Field of Work: Using financial incentives to improve the quality of health care.
Problem Synopsis: According to a 1999 report from the Institute of Medicine, preventable medical errors resulted in the death of an estimated 44,000 to 98,000 hospital patients a year. Americans were getting poor quality care, the wrong care or care that could hurt them. The IOM report urged that the health care payment system be redesigned to reward providers for implementing improvements in their care processes.
Synopsis of the Work: Rewarding Results: Aligning Incentives with High-Quality Health Care (January 2002 to March 2009), funded by the Robert Wood Johnson Foundation and the California HealthCare Foundation, tested the use of financial incentives to improve the quality of health care. The program supported seven projects across the nation that implemented systems designed to measure the performance of health care providers and adjust their compensation based on performance scores—a strategy commonly termed pay for performance.
The projects, their evaluations and related educational materials informed the health care sector about pay-for-performance designs and processes—those that were effective as well as those requiring refinement.
- Together the seven demonstrations paid out tens of millions of dollars in provider incentives and instituted performance reports and other nonfinancial mechanisms to help physicians gauge and improve the quality of their care.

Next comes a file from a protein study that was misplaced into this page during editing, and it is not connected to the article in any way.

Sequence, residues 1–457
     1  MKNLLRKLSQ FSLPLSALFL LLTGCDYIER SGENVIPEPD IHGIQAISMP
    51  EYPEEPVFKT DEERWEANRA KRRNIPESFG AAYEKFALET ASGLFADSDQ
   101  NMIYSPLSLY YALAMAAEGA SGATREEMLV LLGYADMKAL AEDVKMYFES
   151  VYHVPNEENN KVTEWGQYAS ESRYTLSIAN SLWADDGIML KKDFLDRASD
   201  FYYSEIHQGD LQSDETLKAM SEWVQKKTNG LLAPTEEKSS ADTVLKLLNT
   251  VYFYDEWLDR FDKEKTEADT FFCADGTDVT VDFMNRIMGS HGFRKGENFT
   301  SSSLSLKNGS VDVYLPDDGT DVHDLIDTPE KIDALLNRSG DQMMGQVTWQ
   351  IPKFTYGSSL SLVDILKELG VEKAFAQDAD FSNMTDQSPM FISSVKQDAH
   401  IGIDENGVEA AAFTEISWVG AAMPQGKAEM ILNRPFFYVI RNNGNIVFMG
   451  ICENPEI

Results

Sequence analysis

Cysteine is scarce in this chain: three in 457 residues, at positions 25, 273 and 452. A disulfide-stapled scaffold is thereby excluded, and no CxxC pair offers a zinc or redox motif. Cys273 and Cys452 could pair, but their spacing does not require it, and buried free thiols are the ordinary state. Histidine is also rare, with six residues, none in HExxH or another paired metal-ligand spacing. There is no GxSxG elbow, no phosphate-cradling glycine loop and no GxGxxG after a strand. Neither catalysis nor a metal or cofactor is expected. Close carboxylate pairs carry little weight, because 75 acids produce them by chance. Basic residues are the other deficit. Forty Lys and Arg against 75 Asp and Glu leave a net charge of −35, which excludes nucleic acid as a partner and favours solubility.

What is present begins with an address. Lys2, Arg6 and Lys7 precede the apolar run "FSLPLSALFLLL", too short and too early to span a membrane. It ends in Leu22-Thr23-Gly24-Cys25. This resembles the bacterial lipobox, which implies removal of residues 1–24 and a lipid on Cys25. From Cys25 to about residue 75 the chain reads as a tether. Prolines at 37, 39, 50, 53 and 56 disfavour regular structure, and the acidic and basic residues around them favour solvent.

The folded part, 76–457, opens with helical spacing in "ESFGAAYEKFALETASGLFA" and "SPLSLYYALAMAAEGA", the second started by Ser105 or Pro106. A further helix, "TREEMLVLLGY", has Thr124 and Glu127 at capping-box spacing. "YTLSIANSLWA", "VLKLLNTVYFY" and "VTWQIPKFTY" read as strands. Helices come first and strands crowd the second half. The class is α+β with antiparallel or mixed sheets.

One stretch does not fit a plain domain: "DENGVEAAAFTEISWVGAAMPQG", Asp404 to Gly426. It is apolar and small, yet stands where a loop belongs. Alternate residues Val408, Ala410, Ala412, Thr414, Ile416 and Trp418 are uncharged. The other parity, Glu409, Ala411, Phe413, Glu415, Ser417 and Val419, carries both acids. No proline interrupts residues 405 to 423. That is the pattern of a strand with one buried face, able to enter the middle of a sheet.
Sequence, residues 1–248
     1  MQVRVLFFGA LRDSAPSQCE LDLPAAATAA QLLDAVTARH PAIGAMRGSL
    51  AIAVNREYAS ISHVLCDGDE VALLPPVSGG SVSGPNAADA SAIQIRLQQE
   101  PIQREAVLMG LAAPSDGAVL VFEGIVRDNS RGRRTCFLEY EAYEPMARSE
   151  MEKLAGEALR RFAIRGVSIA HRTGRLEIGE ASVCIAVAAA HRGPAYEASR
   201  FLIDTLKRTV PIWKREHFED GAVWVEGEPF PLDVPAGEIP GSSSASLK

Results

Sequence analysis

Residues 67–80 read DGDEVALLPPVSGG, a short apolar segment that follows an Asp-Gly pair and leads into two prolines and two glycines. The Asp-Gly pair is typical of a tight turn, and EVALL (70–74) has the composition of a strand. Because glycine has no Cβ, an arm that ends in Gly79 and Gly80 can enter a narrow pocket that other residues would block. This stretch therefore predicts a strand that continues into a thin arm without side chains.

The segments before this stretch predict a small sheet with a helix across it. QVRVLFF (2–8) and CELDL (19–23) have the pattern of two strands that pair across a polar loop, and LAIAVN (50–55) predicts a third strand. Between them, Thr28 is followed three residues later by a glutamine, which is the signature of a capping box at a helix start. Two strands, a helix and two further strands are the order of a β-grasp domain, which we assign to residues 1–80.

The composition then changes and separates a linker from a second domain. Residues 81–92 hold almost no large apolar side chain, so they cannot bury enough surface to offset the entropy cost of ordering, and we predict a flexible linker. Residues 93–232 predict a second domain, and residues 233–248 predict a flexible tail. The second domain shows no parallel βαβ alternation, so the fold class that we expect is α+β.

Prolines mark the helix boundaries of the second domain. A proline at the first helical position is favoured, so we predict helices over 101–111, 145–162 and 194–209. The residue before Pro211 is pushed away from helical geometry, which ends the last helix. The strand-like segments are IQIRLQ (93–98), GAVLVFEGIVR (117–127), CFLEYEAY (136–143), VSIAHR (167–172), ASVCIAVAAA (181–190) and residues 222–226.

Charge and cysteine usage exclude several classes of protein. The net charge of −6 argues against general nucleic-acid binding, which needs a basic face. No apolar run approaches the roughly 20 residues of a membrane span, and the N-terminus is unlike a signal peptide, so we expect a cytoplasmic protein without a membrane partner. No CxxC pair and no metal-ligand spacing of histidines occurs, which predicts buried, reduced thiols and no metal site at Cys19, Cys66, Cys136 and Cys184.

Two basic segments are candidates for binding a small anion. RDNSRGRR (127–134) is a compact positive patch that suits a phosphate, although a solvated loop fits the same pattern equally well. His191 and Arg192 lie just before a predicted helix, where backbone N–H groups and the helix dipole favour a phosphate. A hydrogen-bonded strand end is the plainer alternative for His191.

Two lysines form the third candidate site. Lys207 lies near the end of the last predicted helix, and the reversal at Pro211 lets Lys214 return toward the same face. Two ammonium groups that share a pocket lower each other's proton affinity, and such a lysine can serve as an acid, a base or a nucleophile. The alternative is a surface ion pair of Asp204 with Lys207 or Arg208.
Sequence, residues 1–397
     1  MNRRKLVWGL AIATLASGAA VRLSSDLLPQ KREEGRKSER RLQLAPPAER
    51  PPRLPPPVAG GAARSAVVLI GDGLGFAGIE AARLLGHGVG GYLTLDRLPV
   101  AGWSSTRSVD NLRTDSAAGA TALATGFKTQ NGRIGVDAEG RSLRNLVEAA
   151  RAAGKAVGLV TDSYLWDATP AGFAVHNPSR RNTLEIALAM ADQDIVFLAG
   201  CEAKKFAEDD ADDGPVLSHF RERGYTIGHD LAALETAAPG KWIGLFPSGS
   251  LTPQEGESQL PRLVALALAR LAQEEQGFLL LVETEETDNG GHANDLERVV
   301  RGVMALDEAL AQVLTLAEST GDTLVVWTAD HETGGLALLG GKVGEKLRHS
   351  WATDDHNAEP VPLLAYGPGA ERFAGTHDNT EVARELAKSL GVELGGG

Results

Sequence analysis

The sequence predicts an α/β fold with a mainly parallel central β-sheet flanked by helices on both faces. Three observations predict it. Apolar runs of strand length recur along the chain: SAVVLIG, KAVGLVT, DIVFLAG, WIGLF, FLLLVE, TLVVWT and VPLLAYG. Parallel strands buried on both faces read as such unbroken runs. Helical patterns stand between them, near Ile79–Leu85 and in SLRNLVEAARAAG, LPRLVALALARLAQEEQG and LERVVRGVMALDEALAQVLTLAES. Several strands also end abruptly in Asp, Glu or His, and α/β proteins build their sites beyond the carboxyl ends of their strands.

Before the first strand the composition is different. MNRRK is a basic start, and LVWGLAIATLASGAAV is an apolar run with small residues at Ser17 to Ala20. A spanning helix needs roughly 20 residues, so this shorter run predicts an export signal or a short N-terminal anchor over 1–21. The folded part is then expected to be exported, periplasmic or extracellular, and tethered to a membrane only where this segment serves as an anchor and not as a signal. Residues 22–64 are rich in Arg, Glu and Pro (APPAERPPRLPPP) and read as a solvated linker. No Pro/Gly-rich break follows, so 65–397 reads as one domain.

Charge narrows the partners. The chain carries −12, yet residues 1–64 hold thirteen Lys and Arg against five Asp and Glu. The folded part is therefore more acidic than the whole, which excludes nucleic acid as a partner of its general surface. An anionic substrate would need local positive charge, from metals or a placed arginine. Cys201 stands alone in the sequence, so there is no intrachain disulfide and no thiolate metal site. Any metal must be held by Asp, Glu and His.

Six of the seven projects continued after program funding ended.
According to the national program office, the key lessons learned:
- Financial incentives motivate change, but they need to be large enough to make a difference.
- Nonfinancial incentives, such as additional staffing, infrastructure and technology, also can make a difference.
- Engaging physicians is a critical activity.
- There is no clear picture yet of return on investment (ROI).
- Public reporting is a strong catalyst for providers to improve care.
- Providers need frequent, clear and actionable feedback on their performance.
- Providers need to be better educated about pay for performance.
- Data integrity is important.
- Experience with managed care appears to be a factor in the success of pay for performance.
- Pay for performance is not a magic bullet, but can be a useful tool.
While the need to address disparities in care is well known, few strategies for reducing disparities have been studied systematically.
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